“Both use quantitative methods to build predictive models, but physics deals with matter; economics confronts human beings. And because matter doesn’t talk back or change its mind in the middle of a controlled experiment or buy high with the hope of selling even higher, economists can never match the predictive success of the scientists who wear lab coats.”


    Did you catch the bottom? There is a GOSPEL. It is extremely simple. That’s why Bernanke should be fired.

  12. Gravatar of Morgan Warstler Morgan Warstler
    10. October 2011 at 18:21

    MikeDC / Staunch / Soctt,

    You are all dancing around the point I made.

    YES, Japan didn’t try it.

    YES, he said Japan should try it.

    NO he doesn’t want to try it here.

    And you want a fancy explanation?

    Just because “behind the veil” or anthropological analysis has the “benefit” of being removed from personal bias…

    DOES NOT MEAN that we can EXPECT judgements to be made without bias.

    My god, those guys go Nobel Prizes for basically saying humanity screws up theory.

    WHY can’t you all start with:

    Powerful forces decided not to inflate Japan…

    And those same forces are do so here.

    All your math still works, you just have to start weighting behavior based on power of self interested groups.

    Why does doing economics inside a hegemony not appeal to you people?

  13. Gravatar of MikeDC MikeDC
    10. October 2011 at 18:49

    That AEI article was from 2001! We’re talking about Taylor’s praise of Japanese policy circa 2006. While the ink was still wet on Taylor’s 2006 post, they were pulling the plug on QE.

    My point is that that experience looks depressingly familiar. It’s like when I hear Keynesians say fiscal policy wasn’t really tried. I understand what they mean, and it’s technically accurate that the ARA wasn’t the stimulus advocates really wanted. But in a more practical sense, it’s the sort of fiscal stimulus you can expect to get at the end of a policy process.

    And by the way, how about some Sargent/Sims discussion. They’ve got a lot of interesting stuff to say about this, but I think they’re so sophisticated damn near no one can make any sense out of what they’ve said.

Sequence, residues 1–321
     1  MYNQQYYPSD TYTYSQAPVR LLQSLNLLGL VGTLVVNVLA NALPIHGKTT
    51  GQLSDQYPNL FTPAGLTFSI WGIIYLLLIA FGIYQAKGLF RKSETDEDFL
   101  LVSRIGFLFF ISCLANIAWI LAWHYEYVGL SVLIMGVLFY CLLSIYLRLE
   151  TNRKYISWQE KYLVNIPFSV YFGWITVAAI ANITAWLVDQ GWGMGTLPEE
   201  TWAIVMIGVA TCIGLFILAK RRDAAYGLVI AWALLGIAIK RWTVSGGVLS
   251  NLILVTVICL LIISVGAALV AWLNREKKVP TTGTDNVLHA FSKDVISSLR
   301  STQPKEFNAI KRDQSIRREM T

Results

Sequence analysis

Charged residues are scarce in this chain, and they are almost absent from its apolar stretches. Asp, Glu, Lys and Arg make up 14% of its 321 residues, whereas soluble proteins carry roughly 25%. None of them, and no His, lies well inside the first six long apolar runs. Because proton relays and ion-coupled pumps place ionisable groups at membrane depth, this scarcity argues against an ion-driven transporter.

14. Gravatar of c8to c8to
    11. October 2011 at 06:53

    mikeDC, the sargent and wallace paper scott links elsewhere is pretty good:

    (my takeaway is that if you have a fixed path of deficits, you can pay for it now with loose money or later with even looser money because of interest – thats the whole future inflation is worse under tighter money now)

    –> Peden. my current reading is that its too hard to measure “money” because theres so many different types beyond currency and deposits…what about unused credit card balances. considered money in bad times certainly.

    also, re market monetarism and MV = PY. which way are we saying the causation goes. my current reading is that Velocity dropped massively with M originally constant (or worse, scott’s 2008 tight money), sticky prices (fixed P in the short run, ie now) so Y took a massive hit.

    now heres the thing…M may have tripled (with caveats above) but this M is either not actual M out in circulation or the mere act of tripling M has sent V tumbling further (if we have to do massive interventions something really bad is happening so no-one is spending)

    just thinking aloud about scenarios where M and V are somewhat inversely correlated..

  15. Gravatar of ssumner ssumner
    11. October 2011 at 17:55

    MikeDC, He didn’t say it was likely to work in Japan, he said it worked. Then they reduced the monetary base by 20% in 2006, so that’s why things went downhill. There’s nothing in those facts that should lead Taylor to walk away from his earlier views.

    Flow5, You and me are about the only 2 people on earth who don’t believe in long and variable lags–it’s dogma in the profession.

    Morgan, Yes, I know your views about how the tough guys do things.

  16. Gravatar of grcridlan grcridlan
    12. October 2011 at 15:40

    Long and variable lags my foot. The problem with monetary policy is that its affects are often priced in before the policy change is actually executed!

  17. Gravatar of Scott Sumner Scott Sumner
    13. October 2011 at 05:52

    grcridlan, Exactly.

  18. Gravatar of himaginary himaginary
    15. October 2011 at 08:50

    I’m late on this, but here is what Taylor said about a year ago:
    “My assessment, based on this experience, is that the recent intervention is not, and should not, be a repeat of the Great Intervention. While that intervention was not sterilized and quantitative easing occurred, many at the Bank of Japan did not think it was so successful.”
    It seems that he has already reversed his assessment by then.

    And here is a critique of Taylor at the 2006 conference by the Japanese discussant.
    Maybe this critique contributed to make Taylor rethink his assessment?

  19. Gravatar of ssumner ssumner
    16. October 2011 at 07:08

    himaginary, I hope that evidence didn’t make him rethink his views, because it’s not much evidence. The recovery should begin when the policy is announced, not when the currency injections actually occur.

    And obviously the BOJ thinks it was successful, as they tightened policy sharply in 2006 (by the standard measure of tight money–i.e. they raised rates and sharply reduced the base.)

  20. Gravatar of 99 Percent Movement 99 Percent Movement
    19. October 2011 at 16:13

    99 % Movement…

    […]TheMoneyIllusion » Then and now[…]…